SEATTLE — A 16-year-old girl survived a small-plane crash in the rugged mountains of north-central Washington state and then hiked through thick forest to reach safety in what one official called "a miracle."
But searchers still were looking for the wreckage and the teen's two step-grandparents who also were aboard. There was no official word on Leland and Sharon Bowman of Marion, Montana, three days after the aircraft went down.
Autumn Veatch said the plane crashed and caught fire after flying into a bank of clouds, according to authorities. She remained at the crash site for a day before deciding to hike down, eventually finding a trail and following it to the trailhead on a highway near the east entrance to North Cascades National Park.
A motorist picked her up Monday afternoon and drove her 30 miles east to a general store, where employees called 911.
Veatch has no life-threatening injuries but was dehydrated and suffering from a treatable muscle tissue breakdown caused by vigorous exercise without food or water, said Scott Graham, CEO of Three Rivers Hospital in Brewster. She stayed at the hospital overnight to rest and get hydrated.
"It's a miracle, no question about it," Lt. Col. Jeffrey Lustick of the Civil Air Patrol told reporters, saying he has spent 30 years in search and rescue. "Moments of joy like this can be hard to find."
Her father, David Veatch of Bellingham, told reporters outside the hospital late Monday that his daughter was exhausted but doing remarkably well. She was able to joke with him about the survival shows they watched together on television, he said.
"She's just an amazing kid," David Veatch said. "There's more to her than she knows."
The Beech A-35 left Kalispell, Montana, on Saturday afternoon, heading for Lynden, Washington. The plane crossed the Idaho-Washington border about 2:20 p.m. PDT but dropped off the radar near Omak, Washington, about an hour later, officials said.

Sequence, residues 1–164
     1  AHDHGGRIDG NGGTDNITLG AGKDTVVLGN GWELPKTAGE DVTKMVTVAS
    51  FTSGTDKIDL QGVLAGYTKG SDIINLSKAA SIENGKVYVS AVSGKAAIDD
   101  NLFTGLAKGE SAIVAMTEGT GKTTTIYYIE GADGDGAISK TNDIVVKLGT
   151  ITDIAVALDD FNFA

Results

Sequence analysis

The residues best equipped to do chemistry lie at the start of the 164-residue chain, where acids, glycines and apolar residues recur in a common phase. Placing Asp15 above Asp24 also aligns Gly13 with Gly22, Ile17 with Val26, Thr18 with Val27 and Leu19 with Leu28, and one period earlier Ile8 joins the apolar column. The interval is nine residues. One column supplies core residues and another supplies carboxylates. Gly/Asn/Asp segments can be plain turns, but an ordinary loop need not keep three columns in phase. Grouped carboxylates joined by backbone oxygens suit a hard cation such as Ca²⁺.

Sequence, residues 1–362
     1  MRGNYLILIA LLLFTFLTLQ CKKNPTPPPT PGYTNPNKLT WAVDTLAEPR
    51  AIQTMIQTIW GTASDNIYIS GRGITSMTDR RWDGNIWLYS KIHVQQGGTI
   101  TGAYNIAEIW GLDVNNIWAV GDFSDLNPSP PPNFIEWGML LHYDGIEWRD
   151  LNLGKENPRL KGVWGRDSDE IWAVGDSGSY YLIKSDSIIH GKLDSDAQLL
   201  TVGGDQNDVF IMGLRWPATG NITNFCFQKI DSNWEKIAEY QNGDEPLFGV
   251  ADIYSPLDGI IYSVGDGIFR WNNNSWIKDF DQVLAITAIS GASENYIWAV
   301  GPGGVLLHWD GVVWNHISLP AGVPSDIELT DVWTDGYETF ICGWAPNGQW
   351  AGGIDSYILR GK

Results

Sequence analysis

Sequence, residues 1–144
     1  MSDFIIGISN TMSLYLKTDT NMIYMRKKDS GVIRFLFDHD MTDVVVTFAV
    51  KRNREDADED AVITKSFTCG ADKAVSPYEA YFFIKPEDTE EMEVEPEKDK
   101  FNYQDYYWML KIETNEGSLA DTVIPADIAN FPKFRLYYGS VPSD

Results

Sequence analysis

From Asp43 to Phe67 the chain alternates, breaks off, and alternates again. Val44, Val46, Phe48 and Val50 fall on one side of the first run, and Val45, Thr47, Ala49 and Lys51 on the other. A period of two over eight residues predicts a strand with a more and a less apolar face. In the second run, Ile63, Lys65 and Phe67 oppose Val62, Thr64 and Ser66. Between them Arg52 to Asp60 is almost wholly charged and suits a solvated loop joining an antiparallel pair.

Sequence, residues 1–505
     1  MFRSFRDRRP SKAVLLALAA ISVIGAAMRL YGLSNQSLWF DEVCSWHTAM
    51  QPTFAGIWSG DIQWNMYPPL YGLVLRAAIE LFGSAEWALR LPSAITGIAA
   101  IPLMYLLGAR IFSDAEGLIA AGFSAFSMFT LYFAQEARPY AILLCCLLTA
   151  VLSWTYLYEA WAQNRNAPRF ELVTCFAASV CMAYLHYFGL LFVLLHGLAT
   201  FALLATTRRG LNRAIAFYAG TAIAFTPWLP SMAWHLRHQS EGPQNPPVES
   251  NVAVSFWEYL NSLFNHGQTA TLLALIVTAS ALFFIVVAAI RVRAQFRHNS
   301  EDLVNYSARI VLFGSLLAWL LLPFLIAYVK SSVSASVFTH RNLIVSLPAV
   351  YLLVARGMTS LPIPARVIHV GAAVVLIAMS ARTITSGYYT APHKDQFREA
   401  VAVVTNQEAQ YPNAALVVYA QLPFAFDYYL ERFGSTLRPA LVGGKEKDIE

Leland Bowman was issued a private pilot license in 2011, and the plane, manufactured in 1949, was registered to him, according to Federal Aviation Administration records.
Navy helicopters searched for the wreckage until late Monday, several hours after fixed-wing planes suspended their efforts. The search would resume Tuesday, weather permitting, said Barbara LaBoe, a Washington state Transportation Department spokeswoman.
Rescuers earlier narrowed down a search area based on cellphone data and typical flight patterns. But there was no sign of the aircraft or its occupants until the teen walked out of the woods.
The girl had been "walking for a couple of days," Okanogan County Sheriff Frank Rogers said. He called her feat "pretty impressive."
Serena Lockwood, the manager at the Mazama Store, said the girl and a driver came in Monday afternoon, saying she had been in a plane crash.
"She was obviously pretty traumatized," Lockwood said.
Associated Press writer Phuong Le contributed to this report.
Alaska Dispatch Publishing